The Equitable Life fiasco reiterates the importance of impartial advice after customers following sales staff's recommendations are still not guaranteed their money back.
More than one million Equitable Life customers lost up to half of their pensions and savings after the bank admitted it claimed its policy holders' investments were worth £3bn more than the total assets and therefore slashed the value of customers' policies.
Sharon Bratley, chartered financial planner at Fairinvestment.co.uk, says customers were convinced by sales staff to put all their eggs in one basket, leading to many policyholders losing everything.
"A large proportion of investors with Equitable Life had all their pensions and investments through that one company, providing little or no diversification, so when Equitable Life failed, so did these people's future in retirement," she says.
The firm boasted that they didn't pay commission to middle men, but had a direct sales force who were remunerated by commission, adds Bratley.
She believes the disaster highlights the importance of independent financial planning irrespective of the type of remuneration.
"By dealing with an independent adviser, you will gain access to the whole of the market, meaning should a particular company fail only that part of your savings will be in jeopardy."
Chief Secretary to the Treasury, Yvette Cooper admitted poor regulation was partly to blame for Equitable Life's failure, acknowledging policyholders were victims of maladministration and should be compensated for their losses.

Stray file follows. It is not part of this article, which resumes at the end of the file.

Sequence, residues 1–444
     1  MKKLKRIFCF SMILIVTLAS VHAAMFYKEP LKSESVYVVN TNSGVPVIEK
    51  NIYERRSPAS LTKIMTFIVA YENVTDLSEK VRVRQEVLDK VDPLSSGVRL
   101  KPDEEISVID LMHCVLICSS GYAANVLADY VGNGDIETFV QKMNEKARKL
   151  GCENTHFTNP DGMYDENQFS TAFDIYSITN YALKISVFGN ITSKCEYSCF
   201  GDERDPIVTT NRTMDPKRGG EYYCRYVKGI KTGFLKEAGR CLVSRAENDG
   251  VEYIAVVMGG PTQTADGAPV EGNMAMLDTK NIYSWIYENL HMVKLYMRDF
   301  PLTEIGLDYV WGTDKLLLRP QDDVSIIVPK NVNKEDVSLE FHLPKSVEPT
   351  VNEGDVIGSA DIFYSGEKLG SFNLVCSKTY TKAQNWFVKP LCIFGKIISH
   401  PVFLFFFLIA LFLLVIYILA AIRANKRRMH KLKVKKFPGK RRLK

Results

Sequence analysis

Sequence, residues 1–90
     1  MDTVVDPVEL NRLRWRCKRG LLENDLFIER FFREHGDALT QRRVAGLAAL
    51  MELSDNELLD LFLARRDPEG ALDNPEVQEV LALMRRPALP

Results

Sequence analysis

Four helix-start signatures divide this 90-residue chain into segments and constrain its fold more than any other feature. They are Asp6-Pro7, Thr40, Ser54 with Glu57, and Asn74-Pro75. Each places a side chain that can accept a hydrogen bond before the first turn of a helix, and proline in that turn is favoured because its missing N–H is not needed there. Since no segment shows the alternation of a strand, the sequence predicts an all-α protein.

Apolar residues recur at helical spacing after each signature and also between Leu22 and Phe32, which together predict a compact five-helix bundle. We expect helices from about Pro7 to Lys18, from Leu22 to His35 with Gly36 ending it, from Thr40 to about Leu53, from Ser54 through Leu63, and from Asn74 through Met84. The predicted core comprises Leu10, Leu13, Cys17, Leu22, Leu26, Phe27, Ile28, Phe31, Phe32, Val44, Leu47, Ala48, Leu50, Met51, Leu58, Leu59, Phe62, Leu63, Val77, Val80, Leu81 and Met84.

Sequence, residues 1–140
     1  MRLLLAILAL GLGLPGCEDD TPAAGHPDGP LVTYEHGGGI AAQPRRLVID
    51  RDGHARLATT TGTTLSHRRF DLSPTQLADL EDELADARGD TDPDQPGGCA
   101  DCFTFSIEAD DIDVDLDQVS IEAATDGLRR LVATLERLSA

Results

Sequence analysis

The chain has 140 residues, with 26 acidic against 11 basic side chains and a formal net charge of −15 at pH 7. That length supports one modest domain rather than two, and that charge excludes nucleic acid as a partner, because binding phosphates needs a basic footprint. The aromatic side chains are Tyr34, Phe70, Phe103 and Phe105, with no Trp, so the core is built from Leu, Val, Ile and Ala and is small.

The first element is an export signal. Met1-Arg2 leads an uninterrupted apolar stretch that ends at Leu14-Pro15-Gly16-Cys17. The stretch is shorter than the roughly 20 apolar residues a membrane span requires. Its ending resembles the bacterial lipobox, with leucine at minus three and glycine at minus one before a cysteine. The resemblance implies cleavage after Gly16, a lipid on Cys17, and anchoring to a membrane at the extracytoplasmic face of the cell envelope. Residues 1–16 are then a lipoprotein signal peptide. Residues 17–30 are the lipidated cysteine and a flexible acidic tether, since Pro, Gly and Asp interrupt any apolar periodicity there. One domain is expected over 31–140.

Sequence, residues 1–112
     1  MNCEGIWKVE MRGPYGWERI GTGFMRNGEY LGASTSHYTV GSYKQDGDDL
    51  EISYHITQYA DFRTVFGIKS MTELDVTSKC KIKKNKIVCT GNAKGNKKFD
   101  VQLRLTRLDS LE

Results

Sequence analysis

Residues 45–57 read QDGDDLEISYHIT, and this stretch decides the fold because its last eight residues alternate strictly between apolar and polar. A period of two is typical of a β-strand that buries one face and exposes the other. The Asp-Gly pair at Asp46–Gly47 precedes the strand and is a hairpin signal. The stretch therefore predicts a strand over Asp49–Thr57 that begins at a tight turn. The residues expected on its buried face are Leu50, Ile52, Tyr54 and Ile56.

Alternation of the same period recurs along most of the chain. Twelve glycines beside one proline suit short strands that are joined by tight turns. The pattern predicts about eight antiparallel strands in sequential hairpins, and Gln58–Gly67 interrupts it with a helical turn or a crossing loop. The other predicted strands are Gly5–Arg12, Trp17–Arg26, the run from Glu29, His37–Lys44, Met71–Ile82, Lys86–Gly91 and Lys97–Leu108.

However, not all policyholders will necessarily receive 100% compensation as the Government's payout scheme will 'focus on those who have been hardest hit' and those awarded compensation could wait for over two and a half years to eventually get their money back.
Bratley has slammed the Government's scheme, saying it 'just isn't good enough' and questions how it will judge those who have been disproportionately affected.
"If the Government have found that policyholders have lost out due to the company's poor management, then compensation should be applied across the board to everyone who has suffered, not just those the Government deem most worthy ," she says.IFAonline
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